period of time (i.e. between 17 February 2020 to 14 April 2020).

The elevated THM results were due to a combination of the following: the temporary switch to
chlorination; high concentrations of NOM and bromide in the raw water; and the high-water age in the system.The non-compliant results that were recorded are as follows: 04/03/2020
Customer tap Laanecoorie 0.27 mg/L 12/03/2020. Bealiba Tank Outlet 0.26 mg/L; Tarnagulla Tank Outlet 0.31 mg/L; and  Customer tap Tarnagulla. 0.30 mg/L 29/04/2020 Bealiba Tank outlet 0.28 mg/L; and Customer tap Bealiba 0.31 mg/LTrihalomethanes Australian Guideline Level 250μg/L (0.25mg/L)Why and how are THMs formed?

“When chlorine is added to water with organic material, such as algae, river weeds, and decaying leaves, THMs are formed. Residual chlorine molecules react with this harmless organic material to form a group of chlorinated chemical compounds, THMs. They are tasteless and odourless, but harmful and potentially toxic. The quantity of by-products formed is determined by several factors, such as the amount and type of organic material present in water, temperature, pH, chlorine dosage, contact time available for chlorine, and bromide concentration in the water. The organic matter in water mainly consists of a) humic substance, which is the organic portion of soil that remains after prolonged microbial decomposition formed by the decay of leaves, wood, and other vegetable matter; and b) fulvic acid, which is a water soluble substance of low molecular weight that is derived from humus”. US EPA

Tarnagulla (Victoria) – NDMA

1/6/20 Tarnagulla NDMA 170ng/L

Since June 2020, the concentration of NNitrosodimethylamine (NDMA) has exceeded the health-based guideline value (i.e. 0.0001 mg/L) specified in the ADWG in samples collected from the Laanecoorie water supply system. NDMA is a disinfection by-product (DBP) of chloramination.
The non-compliant results that were recorded are as follows:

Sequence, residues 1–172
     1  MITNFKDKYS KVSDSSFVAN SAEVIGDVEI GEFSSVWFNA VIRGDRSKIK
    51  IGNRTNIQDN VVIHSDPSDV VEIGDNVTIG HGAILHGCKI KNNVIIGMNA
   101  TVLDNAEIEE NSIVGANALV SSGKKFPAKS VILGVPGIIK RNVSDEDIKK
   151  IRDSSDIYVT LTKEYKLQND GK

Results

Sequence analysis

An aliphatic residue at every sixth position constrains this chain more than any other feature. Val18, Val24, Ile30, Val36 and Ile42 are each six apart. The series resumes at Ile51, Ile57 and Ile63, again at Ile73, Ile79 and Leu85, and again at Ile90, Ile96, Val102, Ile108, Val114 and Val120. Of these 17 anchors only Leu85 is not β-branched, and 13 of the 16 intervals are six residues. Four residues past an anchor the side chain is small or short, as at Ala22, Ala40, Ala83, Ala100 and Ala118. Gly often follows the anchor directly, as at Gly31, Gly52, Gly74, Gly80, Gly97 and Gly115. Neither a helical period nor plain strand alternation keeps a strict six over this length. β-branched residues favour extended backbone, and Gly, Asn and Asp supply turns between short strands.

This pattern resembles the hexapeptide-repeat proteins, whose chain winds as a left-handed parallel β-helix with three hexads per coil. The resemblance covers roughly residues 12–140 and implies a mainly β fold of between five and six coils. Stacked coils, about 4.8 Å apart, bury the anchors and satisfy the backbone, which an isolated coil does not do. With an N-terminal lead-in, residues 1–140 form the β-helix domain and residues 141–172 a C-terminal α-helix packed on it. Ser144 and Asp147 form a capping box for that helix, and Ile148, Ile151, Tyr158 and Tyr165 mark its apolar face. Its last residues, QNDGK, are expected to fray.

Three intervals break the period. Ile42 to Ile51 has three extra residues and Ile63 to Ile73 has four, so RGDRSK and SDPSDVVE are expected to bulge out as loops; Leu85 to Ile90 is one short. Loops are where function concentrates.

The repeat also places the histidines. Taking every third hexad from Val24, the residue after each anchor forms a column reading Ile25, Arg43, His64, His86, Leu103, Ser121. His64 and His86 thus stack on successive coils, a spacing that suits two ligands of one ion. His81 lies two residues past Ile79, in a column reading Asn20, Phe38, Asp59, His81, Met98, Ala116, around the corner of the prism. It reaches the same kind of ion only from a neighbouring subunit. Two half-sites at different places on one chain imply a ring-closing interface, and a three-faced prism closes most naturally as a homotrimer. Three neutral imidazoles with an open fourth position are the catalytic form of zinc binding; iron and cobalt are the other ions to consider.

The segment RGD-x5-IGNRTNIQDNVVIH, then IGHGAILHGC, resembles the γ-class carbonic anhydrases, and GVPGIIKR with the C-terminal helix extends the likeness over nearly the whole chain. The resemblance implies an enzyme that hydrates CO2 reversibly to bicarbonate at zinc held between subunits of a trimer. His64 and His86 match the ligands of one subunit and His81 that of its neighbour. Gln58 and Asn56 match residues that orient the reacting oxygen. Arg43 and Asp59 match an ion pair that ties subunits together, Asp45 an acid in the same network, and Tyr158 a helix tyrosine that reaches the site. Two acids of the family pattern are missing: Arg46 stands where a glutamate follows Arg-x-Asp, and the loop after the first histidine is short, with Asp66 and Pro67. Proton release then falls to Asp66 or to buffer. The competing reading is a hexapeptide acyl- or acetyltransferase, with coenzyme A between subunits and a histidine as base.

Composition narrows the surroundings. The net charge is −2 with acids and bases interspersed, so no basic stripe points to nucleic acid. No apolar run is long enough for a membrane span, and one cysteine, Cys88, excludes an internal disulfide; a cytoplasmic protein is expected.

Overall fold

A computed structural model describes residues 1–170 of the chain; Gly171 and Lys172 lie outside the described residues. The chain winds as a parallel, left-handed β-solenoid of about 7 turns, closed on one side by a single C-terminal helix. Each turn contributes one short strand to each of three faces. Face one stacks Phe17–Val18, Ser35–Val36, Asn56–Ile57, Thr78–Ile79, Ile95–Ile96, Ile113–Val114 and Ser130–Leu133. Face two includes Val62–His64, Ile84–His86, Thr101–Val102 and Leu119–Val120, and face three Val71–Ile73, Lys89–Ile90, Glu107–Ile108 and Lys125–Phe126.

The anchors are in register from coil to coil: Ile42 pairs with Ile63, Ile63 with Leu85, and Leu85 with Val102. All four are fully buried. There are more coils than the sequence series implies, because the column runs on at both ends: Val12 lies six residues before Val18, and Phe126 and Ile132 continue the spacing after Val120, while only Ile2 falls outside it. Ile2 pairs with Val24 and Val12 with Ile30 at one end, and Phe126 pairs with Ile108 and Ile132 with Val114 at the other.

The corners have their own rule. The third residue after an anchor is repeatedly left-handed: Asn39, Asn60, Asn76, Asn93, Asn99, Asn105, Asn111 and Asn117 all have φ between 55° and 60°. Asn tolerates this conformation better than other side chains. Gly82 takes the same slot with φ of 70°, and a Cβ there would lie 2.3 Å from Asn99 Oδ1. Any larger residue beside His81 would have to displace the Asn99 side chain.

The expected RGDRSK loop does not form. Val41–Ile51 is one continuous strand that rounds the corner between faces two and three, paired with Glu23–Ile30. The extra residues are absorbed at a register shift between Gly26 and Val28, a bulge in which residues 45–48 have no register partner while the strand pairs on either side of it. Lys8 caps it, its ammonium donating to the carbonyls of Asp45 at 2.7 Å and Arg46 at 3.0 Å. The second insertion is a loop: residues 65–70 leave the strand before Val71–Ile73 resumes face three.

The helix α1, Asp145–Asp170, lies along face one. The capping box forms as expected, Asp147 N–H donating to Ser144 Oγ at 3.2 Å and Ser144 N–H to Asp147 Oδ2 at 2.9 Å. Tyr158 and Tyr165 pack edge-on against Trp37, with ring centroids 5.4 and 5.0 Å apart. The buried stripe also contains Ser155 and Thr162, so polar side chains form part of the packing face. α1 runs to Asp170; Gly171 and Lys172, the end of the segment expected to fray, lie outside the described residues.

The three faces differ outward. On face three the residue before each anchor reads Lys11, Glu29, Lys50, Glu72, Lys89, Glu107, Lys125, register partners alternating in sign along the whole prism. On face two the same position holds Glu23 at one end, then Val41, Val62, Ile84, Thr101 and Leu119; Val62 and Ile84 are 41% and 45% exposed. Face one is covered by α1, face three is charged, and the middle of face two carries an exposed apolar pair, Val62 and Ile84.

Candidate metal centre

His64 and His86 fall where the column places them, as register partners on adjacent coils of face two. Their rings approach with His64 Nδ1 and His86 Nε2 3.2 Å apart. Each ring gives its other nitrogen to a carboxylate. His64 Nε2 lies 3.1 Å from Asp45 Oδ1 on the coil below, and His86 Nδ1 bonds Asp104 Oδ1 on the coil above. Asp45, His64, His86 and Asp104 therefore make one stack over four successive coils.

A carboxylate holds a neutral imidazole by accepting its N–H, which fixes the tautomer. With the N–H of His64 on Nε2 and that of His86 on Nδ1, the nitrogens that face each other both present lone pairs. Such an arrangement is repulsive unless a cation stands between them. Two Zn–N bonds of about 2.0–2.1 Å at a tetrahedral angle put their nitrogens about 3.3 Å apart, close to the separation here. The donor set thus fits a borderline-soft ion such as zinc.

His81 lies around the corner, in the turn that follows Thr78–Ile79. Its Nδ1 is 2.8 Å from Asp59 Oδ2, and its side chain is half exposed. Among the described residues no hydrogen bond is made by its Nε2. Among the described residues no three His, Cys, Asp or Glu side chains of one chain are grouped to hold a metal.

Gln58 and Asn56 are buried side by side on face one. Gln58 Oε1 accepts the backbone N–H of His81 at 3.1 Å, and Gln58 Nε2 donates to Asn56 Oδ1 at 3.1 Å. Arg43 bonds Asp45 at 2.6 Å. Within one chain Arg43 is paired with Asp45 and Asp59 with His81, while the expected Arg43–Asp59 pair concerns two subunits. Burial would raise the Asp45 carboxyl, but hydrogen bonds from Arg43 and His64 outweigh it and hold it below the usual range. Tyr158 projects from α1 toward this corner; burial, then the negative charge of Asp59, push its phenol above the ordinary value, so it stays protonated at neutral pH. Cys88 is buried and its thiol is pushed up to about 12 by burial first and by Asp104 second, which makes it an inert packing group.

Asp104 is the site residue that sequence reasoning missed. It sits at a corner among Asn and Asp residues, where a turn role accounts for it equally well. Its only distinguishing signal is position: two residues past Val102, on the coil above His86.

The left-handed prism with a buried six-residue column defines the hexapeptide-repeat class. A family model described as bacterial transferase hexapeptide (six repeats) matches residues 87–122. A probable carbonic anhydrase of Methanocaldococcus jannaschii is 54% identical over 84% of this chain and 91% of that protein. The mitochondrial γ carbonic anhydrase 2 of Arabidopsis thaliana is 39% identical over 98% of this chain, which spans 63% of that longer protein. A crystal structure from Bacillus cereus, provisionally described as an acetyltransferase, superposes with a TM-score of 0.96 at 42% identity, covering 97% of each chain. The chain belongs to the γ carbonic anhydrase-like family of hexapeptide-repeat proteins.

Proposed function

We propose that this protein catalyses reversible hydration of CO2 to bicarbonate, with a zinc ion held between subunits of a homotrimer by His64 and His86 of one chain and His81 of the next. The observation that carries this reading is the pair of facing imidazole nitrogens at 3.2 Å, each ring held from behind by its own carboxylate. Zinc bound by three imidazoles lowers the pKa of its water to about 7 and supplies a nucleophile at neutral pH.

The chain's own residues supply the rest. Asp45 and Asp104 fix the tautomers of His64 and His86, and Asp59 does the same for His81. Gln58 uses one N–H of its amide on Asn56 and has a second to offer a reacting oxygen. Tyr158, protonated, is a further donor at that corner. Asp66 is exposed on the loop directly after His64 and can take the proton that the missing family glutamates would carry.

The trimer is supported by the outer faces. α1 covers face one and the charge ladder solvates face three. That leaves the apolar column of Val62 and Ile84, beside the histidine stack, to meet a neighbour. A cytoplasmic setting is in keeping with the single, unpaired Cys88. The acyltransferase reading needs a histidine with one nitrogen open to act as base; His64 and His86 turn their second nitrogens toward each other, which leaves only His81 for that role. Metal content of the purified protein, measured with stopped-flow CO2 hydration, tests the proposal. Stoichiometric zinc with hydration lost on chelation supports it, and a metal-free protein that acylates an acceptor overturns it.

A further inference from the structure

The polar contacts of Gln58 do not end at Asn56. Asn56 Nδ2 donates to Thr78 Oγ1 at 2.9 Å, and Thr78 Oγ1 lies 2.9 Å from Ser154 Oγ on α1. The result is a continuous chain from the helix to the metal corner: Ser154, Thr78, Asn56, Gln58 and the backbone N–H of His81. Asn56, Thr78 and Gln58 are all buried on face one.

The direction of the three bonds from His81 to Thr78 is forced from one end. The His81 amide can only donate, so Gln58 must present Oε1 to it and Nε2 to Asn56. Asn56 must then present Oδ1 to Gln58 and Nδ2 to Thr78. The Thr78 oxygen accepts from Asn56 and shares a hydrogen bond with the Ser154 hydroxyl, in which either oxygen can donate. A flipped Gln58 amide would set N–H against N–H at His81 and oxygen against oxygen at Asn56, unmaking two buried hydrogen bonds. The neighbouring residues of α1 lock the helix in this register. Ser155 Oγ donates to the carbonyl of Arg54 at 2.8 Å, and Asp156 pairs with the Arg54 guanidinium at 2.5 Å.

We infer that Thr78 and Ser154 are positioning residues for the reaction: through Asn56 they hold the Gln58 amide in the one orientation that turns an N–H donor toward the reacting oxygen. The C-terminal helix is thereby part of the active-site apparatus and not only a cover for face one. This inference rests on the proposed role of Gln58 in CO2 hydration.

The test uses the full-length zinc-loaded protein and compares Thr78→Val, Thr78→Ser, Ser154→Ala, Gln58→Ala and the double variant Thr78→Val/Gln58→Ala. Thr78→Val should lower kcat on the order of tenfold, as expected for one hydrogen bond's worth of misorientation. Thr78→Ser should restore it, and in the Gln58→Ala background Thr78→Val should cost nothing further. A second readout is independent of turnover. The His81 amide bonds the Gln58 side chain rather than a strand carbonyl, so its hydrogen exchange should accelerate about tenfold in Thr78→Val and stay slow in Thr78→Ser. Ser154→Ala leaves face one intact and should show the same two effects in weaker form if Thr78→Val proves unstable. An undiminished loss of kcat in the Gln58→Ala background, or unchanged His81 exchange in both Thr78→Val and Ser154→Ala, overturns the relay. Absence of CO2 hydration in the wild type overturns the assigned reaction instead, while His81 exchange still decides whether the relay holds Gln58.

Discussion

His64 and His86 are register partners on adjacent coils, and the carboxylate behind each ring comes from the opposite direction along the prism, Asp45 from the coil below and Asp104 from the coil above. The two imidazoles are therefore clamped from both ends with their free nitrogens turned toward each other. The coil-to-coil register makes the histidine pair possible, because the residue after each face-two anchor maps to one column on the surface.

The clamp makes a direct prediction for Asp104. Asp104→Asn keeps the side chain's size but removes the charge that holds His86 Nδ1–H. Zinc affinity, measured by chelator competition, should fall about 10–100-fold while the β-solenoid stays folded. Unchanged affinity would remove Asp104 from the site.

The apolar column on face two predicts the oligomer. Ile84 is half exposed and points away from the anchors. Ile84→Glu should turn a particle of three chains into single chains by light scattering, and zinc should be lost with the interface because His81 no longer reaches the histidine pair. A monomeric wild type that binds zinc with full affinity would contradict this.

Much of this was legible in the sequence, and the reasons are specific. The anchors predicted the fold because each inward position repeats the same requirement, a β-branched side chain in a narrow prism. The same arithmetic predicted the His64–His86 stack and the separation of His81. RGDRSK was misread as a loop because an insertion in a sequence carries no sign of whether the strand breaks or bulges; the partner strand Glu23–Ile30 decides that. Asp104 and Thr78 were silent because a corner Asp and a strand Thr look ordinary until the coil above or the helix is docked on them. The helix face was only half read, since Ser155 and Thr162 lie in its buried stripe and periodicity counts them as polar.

01/06/2020  Laanecoorie Water Treatment Plant Storage tank 0.00016 mg/L; Customer tap, Laanecoorie 0.00029 mg/L; and Customer tap Tarnagulla 0.00017 mg/L 24/06/2020 Customer tap Dunolly 0.00011mg/L

Given the health risks associated with DPBs, including NDMA, are based on life time exposure, occasional exceedances are considered low risk from a public health perspective. However, the
following corrective actions have been completed:
1. Checked and confirmed the chlorine: ammonia ratio that was being used to achieve chloramination was appropriate.
2. Increased the final water pH to ≥ 8.5. The samples tested for the presence of NDMA after the implementation of the corrective actions indicate that the actions were effective in reducing the
concentration of NDMA in the treated drinking water. Further investigations are currently
underway to better understand the root cause of the issue

“Based on health considerations, the concentration of NDMA in drinking water should not
exceed 0.0001 mg/L (100 ng/L). Action to reduce NDMA is encouraged, but must not compromise disinfection, as non disinfected water poses significantly greater risk than NDMA.

NDMA is used as an industrial solvent, an anti-oxidant, a rubber accelerator, and in the preparation of polymers, where it may be used as an initiator or a plasticiser. The compound has been used in the production of rocket fuel, as a biocide for nematodes, and an intermediate for 1,1-dimethylhydrazine to inhibit nitrification of soils.

NDMA is formed under mildly acidic conditions by the reaction of natural and synthetic secondary, tertiary or quaternary amines with nitrate and nitrite. Precursor amines include alkylamines, dimethylamine (DMA), tetramethylthiuram disulfide (thiram) and polyelectrolytes used in water and wastewater treatment. NDMA is also produced as a by-product of chloramination of drinking water (due to the presence of dimethylamine in source waters subject to wastewater discharges or the oxidation of natural organic matter by chlorine in the presence of ammonia) and to a lesser extent by chlorination. NDMA formation can be facilitated in soils by biochemical pathways in micro-organisms, and this compound is resistant to microbial degradation under both aerobic and anaerobic conditions. Ozonation of drinking water contaminated with the fungicide tolyfluamide can also lead to the formation of NDMA…

TYPICAL VALUES IN AUSTRALIAN DRINKING WATER
There are no data in the public domain or peer reviewed literature on NDMA in Australian drinking water distribution systems and water treatment plants. Anecdotal evidence suggests a bi-modal distribution, with several water authorities indicating that NDMA is present at levels at or near the limit of determination of 1 to 2 ng/L, whereas preliminary sampling and analysis by other authorities indicates levels in the range of 60-90 ng/L. A recent report from South Australia has indicated that NDMA may originate from rubber components of newly commissioned drinking water pipelines, regardless of the disinfectant used. This
may account at least partly for the divergent results reported by different water suppliers…” ADWG 2011

Tarnagulla – Victoria – Hardness (maximum)

2005/06: Tarnagulla (Victoria) – Hardness 400mg/L

2006/07: Tarnagulla (Victoria) – Hardness 490mg/L

2007/8 Tarnagulla Hardness 610mg/L

2008/9 Tarnagulla Hardness 490mg/L

2009/10 Tarnagulla Hardness 620mg/L

2010/11 Tarnagulla Hardness 220mg/L